The Tamil Nadu Real Estate Appellate Tribunal (TNREAT) has upheld a ruling by the Tamil Nadu Real Estate Regulatory Authority (TNRERA) that projects such as SEZ and estates involving sale of industrial plots to investors come under the purview of the Real Estate Regulatory Authority (RERA) Act.
The verdict comes in the case of GMR Krishnagiri SIR Ltd, which is establishing a special economic zone in Hosur, Krishagiri district.
According to official sources, RERA does not exempt sale of industrial plots from the definition of the Act. Maharashtra and Tamil Nadu have adopted this definition. Such industrial projects, which came after the implementation of the Act, should be registered.
GMR had entered into a memorandum of understanding with the Tamil Nadu Industrial Development Corporation Ltd (TIDCO) to develop the project as a joint venture with an infrastructure development company under the public-private partnership model.
It sought an opinion from the TNRERA on the applicability of RERA for the project.
It got a response that the project should be registered with the TNRERA.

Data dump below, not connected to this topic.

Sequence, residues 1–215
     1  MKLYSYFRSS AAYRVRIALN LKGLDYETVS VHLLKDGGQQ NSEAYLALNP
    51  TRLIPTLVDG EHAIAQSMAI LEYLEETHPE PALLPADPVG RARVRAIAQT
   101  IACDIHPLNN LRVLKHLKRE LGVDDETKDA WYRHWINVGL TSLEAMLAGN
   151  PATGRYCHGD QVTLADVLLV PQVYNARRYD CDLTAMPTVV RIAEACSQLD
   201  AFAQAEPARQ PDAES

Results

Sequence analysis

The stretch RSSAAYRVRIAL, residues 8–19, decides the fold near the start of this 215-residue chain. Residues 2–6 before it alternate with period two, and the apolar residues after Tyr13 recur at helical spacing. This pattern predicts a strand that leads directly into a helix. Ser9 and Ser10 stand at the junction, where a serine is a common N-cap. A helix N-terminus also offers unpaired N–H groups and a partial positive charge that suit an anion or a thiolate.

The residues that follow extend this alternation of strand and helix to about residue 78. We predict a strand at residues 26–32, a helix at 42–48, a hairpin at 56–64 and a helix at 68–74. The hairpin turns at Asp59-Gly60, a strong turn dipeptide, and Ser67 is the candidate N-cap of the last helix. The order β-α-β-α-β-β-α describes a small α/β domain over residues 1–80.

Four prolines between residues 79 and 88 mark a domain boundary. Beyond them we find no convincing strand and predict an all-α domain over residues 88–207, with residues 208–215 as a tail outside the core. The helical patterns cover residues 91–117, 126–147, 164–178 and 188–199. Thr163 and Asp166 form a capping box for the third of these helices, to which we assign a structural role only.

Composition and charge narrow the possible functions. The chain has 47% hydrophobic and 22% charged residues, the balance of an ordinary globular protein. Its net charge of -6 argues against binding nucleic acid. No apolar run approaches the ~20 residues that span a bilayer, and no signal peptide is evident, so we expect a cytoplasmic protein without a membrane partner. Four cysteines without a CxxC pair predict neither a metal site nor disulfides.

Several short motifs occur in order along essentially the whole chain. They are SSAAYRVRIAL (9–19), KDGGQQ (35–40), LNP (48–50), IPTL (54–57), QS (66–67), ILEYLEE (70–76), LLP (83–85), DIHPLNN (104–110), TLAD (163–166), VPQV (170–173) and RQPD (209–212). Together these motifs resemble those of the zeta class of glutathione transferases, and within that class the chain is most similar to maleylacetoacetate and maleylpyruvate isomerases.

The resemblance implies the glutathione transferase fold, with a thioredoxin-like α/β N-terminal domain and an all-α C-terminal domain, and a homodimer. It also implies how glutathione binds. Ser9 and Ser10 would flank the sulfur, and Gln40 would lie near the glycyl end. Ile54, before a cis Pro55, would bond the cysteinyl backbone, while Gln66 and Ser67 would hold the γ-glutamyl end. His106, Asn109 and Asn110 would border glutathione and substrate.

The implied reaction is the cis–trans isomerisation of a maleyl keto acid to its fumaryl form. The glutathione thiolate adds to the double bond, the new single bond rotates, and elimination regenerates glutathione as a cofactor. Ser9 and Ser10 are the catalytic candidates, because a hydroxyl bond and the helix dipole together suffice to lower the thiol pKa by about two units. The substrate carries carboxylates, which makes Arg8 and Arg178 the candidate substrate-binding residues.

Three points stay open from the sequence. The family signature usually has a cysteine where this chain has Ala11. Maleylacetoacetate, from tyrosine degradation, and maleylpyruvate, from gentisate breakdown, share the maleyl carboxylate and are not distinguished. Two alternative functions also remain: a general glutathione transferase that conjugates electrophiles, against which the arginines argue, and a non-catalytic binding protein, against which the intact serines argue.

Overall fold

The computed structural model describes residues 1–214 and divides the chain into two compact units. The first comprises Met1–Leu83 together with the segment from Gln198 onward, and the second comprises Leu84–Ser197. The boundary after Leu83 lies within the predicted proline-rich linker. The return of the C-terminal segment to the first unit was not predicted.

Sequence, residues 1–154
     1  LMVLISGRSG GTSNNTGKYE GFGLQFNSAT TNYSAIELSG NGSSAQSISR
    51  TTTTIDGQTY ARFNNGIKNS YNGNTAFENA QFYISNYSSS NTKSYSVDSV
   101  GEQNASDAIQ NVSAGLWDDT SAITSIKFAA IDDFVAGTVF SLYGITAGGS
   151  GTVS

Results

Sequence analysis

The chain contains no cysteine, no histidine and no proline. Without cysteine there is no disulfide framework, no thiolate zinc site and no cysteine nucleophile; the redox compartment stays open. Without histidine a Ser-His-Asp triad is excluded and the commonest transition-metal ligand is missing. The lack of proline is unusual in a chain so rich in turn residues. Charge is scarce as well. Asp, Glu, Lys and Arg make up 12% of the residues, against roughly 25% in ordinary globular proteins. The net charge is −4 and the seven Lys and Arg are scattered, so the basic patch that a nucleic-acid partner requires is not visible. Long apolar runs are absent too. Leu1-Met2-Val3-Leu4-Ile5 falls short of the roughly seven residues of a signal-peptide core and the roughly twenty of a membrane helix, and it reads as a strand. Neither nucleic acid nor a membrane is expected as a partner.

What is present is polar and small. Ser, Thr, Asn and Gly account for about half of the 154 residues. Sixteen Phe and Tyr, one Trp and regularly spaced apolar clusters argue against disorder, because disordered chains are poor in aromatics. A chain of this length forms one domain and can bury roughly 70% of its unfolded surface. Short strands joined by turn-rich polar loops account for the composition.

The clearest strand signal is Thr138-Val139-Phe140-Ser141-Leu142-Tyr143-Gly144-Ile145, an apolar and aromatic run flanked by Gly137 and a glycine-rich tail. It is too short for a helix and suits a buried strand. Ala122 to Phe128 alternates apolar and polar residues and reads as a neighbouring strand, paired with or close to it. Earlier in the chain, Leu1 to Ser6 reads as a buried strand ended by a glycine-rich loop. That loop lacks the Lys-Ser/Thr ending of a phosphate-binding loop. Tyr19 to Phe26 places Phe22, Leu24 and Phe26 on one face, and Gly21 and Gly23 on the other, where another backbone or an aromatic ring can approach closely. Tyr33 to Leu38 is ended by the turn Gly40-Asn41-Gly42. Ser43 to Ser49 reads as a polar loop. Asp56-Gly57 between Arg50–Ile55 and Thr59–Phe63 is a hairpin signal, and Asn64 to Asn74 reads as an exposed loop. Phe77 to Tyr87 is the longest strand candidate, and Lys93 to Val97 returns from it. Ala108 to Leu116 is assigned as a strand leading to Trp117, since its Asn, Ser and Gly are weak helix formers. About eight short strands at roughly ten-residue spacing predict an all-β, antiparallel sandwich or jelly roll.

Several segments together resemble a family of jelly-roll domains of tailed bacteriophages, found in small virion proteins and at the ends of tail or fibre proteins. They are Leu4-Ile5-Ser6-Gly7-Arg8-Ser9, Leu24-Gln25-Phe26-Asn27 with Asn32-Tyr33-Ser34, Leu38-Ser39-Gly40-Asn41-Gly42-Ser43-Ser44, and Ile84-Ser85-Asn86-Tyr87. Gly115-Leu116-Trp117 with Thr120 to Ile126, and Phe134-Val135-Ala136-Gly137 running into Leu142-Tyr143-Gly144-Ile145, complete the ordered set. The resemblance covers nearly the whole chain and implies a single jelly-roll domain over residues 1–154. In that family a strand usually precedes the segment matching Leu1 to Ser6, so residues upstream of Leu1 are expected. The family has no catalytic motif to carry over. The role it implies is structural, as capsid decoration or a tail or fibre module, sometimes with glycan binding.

Against this, the company moved the TNREAT, which noted that TIDCO entered into an MoU by way of facilitating the company to do a real estate business for the purpose of selling industrial plots.
“The entire act and legislative history clearly mentioned the sale of plots, apartments etc. Therefore, the very purpose of the enactment is only for regulation of sale of plots and apartments and not for any other purpose. Hence, TNRERA has rightly pointed out that the Act has not differentiated plots into housing plots, commercial plots or industrial plots,” it noted.
Sanjay Chugh, city head-Chennai, ANAROCK Property Consultants, pointed out that there was ambiguity whether industrial projects were included or not.
“The ruling only signifies that the State RERA considers all immovable properties under its purview. This is definitely good from the perspective that there will be all-round transparency and efficiency in the State’s real estate sector, and the scope of the RERA is not just limited to commercial or residential buildings. This leaves little room for any misadventure in the industry as a whole, and an overall fair play,” he said.
“The decision appears to be rendered in the context of specific issues raised therein. The tribunal has held that plots would cover residential commercial as well as industrial plots. This will have far-reaching implications for real estate projects, which would involve sale of industrial plots,” advocate K. Vaitheeswaran said.